If you come to Japan, ramen is a food you simply cannot miss.

kyushu_ramen

Written by projectbasho on September 29th, 2008

Photography Trip to Japan #15: Highlights in Wajima   1 comment

Posted at 3:32 pm in Japan Photo Trip, Japanese Cultre, Wajima

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Wajima Port, Photo by Jeri

We spent three days in Wajima exploring the outskirts by van and seeing the coastal landscape and the paddy fields. During this season, the greens are just beautiful in the Noto Peninsula.

Here are just some of the thoughts our group has to offer about the experience.

Jeri shares her impressions about the ocean, zen temples, lacquerwares and more.


Cindy truly appreciated the time we spent together and expresses her gratitude about the trip:


Scott talks about his morning walk through the fishing neighborhood. We went out together one morning exploring as much as we could before breakfast:


Tom shares about his walk to the port as well as to the fishing neighborhood and about why he found this area the most inspiring in terms of photographing:


Lauren has observations about living in such a different environment. During our visit to Kami-Ozawa, she encountered  two older ladies living in a neighborhood of only 20 houses. For her, thinking about this life was simply mind-blowing and something most of us are not used to:


I immensely enjoyed photographing in Wajima. It was really refreshing to be up early in the morning and walk around the port. This is where I photographed most during the trip. I also comment on something I learned about one of the fishing villages we visited:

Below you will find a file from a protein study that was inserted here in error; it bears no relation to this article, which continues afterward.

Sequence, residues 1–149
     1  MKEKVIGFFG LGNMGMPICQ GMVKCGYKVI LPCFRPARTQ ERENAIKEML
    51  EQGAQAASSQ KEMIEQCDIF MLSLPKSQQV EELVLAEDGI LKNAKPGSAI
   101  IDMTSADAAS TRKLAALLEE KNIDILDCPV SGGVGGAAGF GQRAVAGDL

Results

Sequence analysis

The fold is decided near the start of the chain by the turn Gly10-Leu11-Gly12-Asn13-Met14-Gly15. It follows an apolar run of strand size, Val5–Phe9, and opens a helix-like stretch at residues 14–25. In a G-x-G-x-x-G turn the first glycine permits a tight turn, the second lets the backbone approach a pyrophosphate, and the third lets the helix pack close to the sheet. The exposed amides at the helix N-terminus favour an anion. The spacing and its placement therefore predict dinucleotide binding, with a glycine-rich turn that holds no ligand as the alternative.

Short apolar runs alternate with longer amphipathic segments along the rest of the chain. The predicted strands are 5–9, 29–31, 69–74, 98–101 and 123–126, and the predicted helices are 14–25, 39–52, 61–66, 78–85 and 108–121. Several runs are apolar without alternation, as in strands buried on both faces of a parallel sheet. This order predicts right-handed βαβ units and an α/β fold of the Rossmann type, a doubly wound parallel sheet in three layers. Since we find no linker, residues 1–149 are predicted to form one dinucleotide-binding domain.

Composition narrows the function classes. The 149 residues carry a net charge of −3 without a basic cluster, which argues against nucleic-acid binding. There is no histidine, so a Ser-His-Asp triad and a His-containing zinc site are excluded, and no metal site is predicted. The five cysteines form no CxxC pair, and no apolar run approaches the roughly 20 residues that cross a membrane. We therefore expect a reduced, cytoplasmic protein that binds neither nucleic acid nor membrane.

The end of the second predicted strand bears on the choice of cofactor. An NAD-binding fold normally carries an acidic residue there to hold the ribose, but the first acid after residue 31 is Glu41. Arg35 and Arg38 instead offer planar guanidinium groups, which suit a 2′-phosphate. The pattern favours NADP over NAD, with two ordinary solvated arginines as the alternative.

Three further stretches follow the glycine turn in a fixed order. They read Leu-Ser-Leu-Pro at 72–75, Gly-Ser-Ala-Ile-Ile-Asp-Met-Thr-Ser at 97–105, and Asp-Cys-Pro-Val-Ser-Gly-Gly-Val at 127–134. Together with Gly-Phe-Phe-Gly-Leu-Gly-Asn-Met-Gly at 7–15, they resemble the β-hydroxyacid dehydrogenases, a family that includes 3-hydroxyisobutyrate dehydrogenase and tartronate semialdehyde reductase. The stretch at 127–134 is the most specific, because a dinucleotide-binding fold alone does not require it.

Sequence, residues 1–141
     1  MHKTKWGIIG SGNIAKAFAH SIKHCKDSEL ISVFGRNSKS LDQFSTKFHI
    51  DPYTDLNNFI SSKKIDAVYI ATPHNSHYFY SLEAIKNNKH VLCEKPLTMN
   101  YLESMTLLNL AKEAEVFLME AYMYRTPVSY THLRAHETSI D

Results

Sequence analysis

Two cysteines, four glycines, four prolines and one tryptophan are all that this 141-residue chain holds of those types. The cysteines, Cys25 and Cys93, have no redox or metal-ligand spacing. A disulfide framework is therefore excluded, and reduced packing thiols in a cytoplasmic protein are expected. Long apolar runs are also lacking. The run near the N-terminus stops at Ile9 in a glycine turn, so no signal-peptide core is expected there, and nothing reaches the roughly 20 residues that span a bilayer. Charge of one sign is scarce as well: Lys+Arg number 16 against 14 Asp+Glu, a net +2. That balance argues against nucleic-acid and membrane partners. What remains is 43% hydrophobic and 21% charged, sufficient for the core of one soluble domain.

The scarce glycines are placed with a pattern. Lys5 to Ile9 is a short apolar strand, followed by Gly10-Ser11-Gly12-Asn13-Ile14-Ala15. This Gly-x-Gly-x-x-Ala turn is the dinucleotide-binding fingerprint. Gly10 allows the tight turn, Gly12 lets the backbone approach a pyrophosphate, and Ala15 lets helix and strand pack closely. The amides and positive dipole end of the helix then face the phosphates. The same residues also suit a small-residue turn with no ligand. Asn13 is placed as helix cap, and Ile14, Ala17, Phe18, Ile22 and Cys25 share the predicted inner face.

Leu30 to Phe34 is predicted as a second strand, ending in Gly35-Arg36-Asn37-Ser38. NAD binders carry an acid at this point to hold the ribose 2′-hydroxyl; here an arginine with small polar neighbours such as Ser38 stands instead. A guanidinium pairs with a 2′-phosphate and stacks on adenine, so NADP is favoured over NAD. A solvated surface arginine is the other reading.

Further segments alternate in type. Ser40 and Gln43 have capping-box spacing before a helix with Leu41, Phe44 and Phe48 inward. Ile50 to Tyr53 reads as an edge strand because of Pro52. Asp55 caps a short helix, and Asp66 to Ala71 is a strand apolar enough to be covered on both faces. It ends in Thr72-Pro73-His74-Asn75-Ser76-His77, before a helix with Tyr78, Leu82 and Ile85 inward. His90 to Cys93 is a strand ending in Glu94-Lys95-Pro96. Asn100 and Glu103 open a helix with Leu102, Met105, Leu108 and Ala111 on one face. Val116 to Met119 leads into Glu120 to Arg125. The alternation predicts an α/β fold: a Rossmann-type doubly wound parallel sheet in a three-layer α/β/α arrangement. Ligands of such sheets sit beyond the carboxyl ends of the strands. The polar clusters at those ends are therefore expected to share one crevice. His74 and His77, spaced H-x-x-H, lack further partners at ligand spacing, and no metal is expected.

Written by projectbasho on September 22nd, 2008

Photography Trip to Japan #14: Sound and warmth of Takojima   1 comment

Posted at 12:08 am in Japan Photo Trip, Japanese Cultre, Suzu

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I have never experienced anything like this before in my life. I am not even sure if my description of the event will do any justice to it. Nevertheless, let me say one thing at least: spectacular.

I am talking about the Takojima Festival which takes place in Suzu once a year. This is a two day festival where 16 lavishly decorated lanterns are paraded through town in a dramatic processional. They are accompanied by drumming, the sounds of many flutes and bells, and the voices of people from all over the town, both young and old. This is a visual as well as auditory experience that you cannot recreate elsewhere. It simply is a sensory overload.

These lanterns have ornate curves all over and are coated in black with lacquer from Wajima. Each lantern is managed by the 16 different neighborhoods and each has a different elaborate drawing in the front and back. During a conversation with a local man who has been documenting the festival for many years, I learned that the construction of one lantern costs about $100,000. But those are just numbers, and the monetary value is not the way to appreciate something like this.

Kids in front of lanterns, Photo by Jeri